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One of the most intriguing aspects of George R. R. Martin’s epic fantasy series A Song of Fire and Ice may also be its most annoying. The first novel in the series, A Game of Thrones, often gets bogged down in the very description needed to create the vaguely medieval setting. Needless to say, the fantasy genre requires patience, and luckily this book delivers to those willing to overlook (or perhaps skim) some of the more overblown parts to be rewarded by the author’s knack for spinning an unparalleled plot.


The heart of the story boils down to the struggle for political domination as well as the more intimate struggles between families, friends, and lovers. The chapters alternate limited third-person viewpoints of a cast of approximately 20 different characters and the author doesn’t play favorites. At any given moment George R. R. Martin may kill off an important character because that is how the cutthroat world of the novel works; fan favorites be damned.


Cover image of a Game of Thrones


Surprisingly, the novel contains a wealth of strong female characters whose presence creates a fuller picture of the factors that contribute to a struggle for world domination on a planet where the Stark family motto, “Winter is coming,” adds a layer of complexity to the prospect of a cold spell that could last years and with it bring even darker times for humanity as well.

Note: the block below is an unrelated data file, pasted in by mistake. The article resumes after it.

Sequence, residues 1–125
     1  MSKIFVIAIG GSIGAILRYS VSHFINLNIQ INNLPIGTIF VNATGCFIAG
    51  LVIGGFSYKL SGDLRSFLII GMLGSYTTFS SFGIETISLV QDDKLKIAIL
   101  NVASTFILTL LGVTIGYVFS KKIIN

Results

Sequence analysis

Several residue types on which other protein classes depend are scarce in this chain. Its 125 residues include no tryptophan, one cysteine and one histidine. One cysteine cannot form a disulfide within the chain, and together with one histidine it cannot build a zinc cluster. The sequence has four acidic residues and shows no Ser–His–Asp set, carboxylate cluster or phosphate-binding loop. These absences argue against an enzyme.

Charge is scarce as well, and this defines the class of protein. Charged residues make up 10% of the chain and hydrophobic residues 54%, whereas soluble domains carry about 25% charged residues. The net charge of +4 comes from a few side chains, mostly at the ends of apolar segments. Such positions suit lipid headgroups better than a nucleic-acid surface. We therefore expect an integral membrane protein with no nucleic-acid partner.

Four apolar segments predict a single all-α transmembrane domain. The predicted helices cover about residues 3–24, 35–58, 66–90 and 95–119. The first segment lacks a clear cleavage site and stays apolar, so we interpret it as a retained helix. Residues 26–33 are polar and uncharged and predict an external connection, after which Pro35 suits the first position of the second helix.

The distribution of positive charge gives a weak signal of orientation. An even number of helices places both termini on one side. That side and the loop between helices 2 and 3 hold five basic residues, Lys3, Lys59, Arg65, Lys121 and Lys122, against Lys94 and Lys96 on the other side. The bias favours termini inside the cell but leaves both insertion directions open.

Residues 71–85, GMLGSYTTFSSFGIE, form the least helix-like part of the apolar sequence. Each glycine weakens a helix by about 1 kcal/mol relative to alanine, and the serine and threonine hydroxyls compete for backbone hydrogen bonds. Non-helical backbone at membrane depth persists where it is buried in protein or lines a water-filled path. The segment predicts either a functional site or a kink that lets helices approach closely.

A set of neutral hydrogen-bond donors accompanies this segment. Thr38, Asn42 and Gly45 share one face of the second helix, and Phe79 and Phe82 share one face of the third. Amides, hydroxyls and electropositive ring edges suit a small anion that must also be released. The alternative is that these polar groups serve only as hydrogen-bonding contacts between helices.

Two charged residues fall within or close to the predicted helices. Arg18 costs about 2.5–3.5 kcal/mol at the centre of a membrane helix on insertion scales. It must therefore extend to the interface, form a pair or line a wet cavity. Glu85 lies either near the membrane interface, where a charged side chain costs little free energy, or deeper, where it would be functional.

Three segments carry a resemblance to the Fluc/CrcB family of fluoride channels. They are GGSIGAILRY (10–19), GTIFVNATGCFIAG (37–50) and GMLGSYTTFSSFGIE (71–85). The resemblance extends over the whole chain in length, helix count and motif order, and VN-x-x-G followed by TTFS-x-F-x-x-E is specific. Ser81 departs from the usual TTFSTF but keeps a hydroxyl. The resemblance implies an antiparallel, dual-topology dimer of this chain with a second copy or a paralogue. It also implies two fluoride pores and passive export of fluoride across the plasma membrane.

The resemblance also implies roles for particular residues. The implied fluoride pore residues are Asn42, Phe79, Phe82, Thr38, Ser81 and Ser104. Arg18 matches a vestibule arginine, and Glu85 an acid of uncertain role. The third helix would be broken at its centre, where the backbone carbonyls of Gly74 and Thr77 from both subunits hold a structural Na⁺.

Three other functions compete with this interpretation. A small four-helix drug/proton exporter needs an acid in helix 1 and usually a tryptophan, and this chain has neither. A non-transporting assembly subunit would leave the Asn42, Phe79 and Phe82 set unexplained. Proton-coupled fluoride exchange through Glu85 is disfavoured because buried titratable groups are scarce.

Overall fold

The thematic element most integral to the foundation of the Fire and Ice series comes toward the end of A Game of Thrones when Sansa, Ned Stark’s daughter thinks, “In life, the monsters win.” What George R. R. Martin’s fantasy series makes clear is that within everyone there is a monster and the reader will be continually torn by which character to side with. Luckily, the saga continues, and each reader will see a bit of themselves in the strengths and weaknesses of each character.


The temptation to read A Game of Thrones arose only after a marathon session of watching all of the first season via HBO on Demand before the premiere of this April’s season two premiere. It will be interesting to see how my perception of the series changes if I am able to read the third book BEFORE the premiere of the series’ third season (which is said to only cover half of book three). In the meantime, I’ll find some great fan sites and devote some time to studying character descriptions and plot summaries!


You can connect with George R. R. Martin via his blog.


What’s your take on either the book or the HBO miniseries?



For more insight, read my Book Review Criteria. Please share responsibly. Jeri Walker, 2012.

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